George Lott

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George Lott
Full name George Martin Lott
Country  United States
Born (1906-10-16)October 16, 1906
Springfield, Illinois, IL, USA
Died December 3, 1991(1991-12-03) (aged 85)
Chicago, , IL, USA
Turned pro 1934 (amateur tour from 1924)
Retired 1946
Plays Right-handed (1-handed backhand)
Int. Tennis HOF 1964 (member page)
Singles
Highest ranking No. 4 (1931, Züricher Sport)[1]
Grand Slam Singles results
French Open QF (1931)
Wimbledon QF (1929, 1930, 1934)
US Open F (1931)
Professional majors
US Pro QF (1938)
Wembley Pro QF (1935)
Doubles
Grand Slam Doubles results
French Open W (1931)
Wimbledon W (1931, 1934)
US Open W (1928, 1929, 1930, 1933, 1934)
Grand Slam Mixed Doubles results
Wimbledon W (1931)
US Open W (1929, 1931, 1934)
Last updated on: September 21, 2012.

George Martin Lott (October 16, 1906 – December 3, 1991) was an American tennis player and tennis coach who was born in Springfield, Illinois, United States. Lott is mostly remembered as being one of the greatest doubles players of all time. He won the U.S. title five times with three different partners: John Hennessey in 1928; John Doeg in 1929 and 1930; and Les Stoefen in 1933 and 1934. In 1934 Lott became a touring professional, thereby giving up his amateur status and the ability to play in Grand Slam tournaments. In 1929 and 1930 he was ranked World No. 6 and No. 7 by A Wallis Myers;[2][3] No. 6 by Pierre Gillon in 1930;[4] and in 1931 was ranked No. 4 by Züricher Sport.[1]

Lott was the men's tennis coach at DePaul University from 1969 until his death in Chicago on December 3, 1991.[5] He had been inducted into the school's Athletics Hall of Fame in 1984.[6]

Lott was inducted into the International Tennis Hall of Fame in 1964.[7]

Grand Slam record[edit]

  • U.S. Championships
    • Singles runner-up: 1931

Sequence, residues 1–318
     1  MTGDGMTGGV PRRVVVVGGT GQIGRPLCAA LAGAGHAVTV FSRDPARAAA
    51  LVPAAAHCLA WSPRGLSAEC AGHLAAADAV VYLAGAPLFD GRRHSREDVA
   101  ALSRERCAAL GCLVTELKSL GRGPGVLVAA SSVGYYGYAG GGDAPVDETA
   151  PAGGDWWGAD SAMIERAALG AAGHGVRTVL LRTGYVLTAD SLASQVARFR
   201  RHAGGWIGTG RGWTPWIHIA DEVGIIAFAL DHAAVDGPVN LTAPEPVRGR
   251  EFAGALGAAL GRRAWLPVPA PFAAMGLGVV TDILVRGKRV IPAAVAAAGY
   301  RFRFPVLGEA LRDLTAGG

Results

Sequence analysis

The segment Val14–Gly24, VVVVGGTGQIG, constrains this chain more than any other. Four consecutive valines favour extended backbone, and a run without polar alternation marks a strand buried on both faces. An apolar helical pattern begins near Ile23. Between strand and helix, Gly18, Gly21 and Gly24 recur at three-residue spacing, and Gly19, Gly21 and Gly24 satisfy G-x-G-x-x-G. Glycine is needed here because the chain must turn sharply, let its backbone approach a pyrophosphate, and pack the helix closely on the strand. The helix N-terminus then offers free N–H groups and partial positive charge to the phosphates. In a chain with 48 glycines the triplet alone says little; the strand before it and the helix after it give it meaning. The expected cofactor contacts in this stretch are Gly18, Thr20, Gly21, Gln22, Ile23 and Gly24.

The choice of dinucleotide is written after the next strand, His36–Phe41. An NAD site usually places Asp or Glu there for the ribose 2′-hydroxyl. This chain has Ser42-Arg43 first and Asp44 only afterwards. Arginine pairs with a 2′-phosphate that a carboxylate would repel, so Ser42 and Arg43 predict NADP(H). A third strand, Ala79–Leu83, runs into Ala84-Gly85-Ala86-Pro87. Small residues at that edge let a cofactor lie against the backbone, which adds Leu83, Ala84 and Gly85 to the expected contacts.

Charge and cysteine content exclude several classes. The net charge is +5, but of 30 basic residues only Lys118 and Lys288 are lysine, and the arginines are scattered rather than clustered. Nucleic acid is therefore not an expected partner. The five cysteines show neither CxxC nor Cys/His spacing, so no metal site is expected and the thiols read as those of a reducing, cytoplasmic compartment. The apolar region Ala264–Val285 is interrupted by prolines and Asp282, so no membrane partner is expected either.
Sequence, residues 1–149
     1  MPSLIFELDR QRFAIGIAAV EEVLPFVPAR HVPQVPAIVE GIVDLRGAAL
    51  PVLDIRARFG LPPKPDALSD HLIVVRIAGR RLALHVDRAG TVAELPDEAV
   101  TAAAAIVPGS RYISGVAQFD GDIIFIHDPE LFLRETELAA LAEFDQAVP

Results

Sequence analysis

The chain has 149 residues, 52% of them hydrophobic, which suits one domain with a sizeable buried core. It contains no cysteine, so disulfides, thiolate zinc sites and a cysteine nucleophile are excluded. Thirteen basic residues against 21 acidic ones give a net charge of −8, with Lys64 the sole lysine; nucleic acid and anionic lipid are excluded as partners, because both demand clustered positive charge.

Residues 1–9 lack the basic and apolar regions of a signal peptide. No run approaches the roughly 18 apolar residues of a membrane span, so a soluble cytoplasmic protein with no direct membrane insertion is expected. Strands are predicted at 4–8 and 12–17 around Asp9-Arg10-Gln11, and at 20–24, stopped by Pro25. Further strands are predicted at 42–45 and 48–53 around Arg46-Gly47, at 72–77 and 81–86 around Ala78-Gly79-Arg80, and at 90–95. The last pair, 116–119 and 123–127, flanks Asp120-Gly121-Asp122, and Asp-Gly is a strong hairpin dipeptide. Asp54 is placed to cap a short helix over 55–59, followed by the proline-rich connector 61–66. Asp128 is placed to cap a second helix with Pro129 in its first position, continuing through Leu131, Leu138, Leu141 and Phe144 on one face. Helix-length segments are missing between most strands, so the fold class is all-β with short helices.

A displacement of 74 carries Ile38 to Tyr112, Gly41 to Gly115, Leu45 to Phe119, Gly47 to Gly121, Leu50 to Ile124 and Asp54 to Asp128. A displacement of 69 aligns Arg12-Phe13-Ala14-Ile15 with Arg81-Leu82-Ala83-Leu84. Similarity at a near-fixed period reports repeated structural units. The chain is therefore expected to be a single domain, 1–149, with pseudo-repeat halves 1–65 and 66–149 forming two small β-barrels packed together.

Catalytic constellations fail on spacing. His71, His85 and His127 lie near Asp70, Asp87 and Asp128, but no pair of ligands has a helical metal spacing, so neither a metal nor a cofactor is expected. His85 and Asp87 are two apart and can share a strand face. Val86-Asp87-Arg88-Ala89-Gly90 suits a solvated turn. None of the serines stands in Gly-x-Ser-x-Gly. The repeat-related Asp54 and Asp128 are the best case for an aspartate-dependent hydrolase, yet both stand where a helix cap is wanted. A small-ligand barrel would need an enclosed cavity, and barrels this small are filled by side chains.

• Men's Doubles champion: 1928, 1929, 1930, 1933, 1934
    • Mixed Doubles champion: 1929, 1931, 1934
    • Mixed Doubles runner-up: 1933
  • Wimbledon
    • Men's Doubles champion: 1931, 1934
    • Men's Doubles runner-up: 1930
    • Mixed Doubles champion: 1931

Grand Slam finals[edit]

Singles[edit]

Runner-ups (1)[edit]

Year Championship Opponent in Final Score
1931 U.S. Championships United States Ellsworth Vines 9–7, 3–6, 7–9, 5–7

Doubles[edit]

Titles (8)[edit]

Year Championship Surface Partner Opponents Score
1928 U.S. National Championships Grass United States John Hennessey Australia Gerald Patterson
Australia Jack Hawkes
6–1, 6–2, 6–1
1929 U.S. National Championships Grass United States John Doeg United States Berkely Bell
United States Lewis White
10–8, 16–14, 6–1
1930 U.S. National Championships Grass United States John Doeg United States John Van Ryn
United States Wilmer Allison
8–6, 6–3, 4–6, 13–15, 6–4
1931 French Championships Clay United States John Van Ryn South Africa Vernon Kirby
South Africa Norman Farquharson
6–4, 6–3, 6–4
1931 Wimbledon Grass United States John Van Ryn France Jacques Brugnon
France Henri Cochet
6–2, 10–8, 9–11, 3–6, 6–3
1933 U.S. National Championships Grass United States Lester Stoefen United States Frank Shields
United States Frank Parker
11–13, 9–7, 9–7, 6–3
1934 Wimbledon Grass United States Lester Stoefen France Jean Borotra
France Jacques Brugnon
6–4, 7–5, 6–1
1934 U.S. National Championships Grass United States Lester Stoefen United States Wilmer Allison
United States John Van Ryn
6–4, 9–7, 3–6, 6–4

Other tennis achievements[edit]

  • Davis Cup team member – 1928–31, 1933–34
  • The first player, and one of only four (Bobby Riggs, Mats Wilander and Roger Federer being the other three), to win the tournament now known as the Cincinnati Masters four times: 1924, 1925, 1927 and 1932. Also won the doubles title in 1924 (with Jack Harris) and 1925 (with Thomas McGlinn) and was a singles finalist in 1926 and a doubles finalist (with Thomas Johnson) in 1927.

References[edit]

  1. ^ a b Béla Kehrling, ed. (October 1, 1931). "Külföldi hírek" [International news] (PDF). Tennisz és Golf. III (in Hungarian) (Budapest, Hungary: Egyesült Kő-, Könyvnyomda, Könyv- és Lapkiadó Rt). 18–19: 3–9. Retrieved January 25, 2012. 
  2. ^ "Tilden Ranks Fourth in London Telegraph Rankings", The Toledo News-Bee, September 19, 1929.
  3. ^ Béla Kehrling, ed. (November 20, 1930). "tennis and golf" (PDF). Tennisz és Golf (in Hungarian) (Budapest, Hungary: Bethlen Gábor irod. és Nyomdai RT) II (21). Retrieved December 3, 2012. 
  4. ^ Béla Kehrling, ed. (October 22, 1930). "Külföldi hírek" [International news] (PDF). Tennisz és Golf. II (in Hungarian) (Budapest, Hungary: Bethlen Gábor Irod. és Nyomdai R.T.). 19-20: 375. Retrieved November 30, 2012. 
  5. ^ "George Lott, Tennis coach, 85" (obituary), The New York Times, Wednesday, December 4, 1991..
  6. ^ Hall of Fame – DePaul University Athletics.
  7. ^ "Hall of Famers – George Lott". International Tennis Hall of Fame. Retrieved July 3, 2012. 

External links[edit]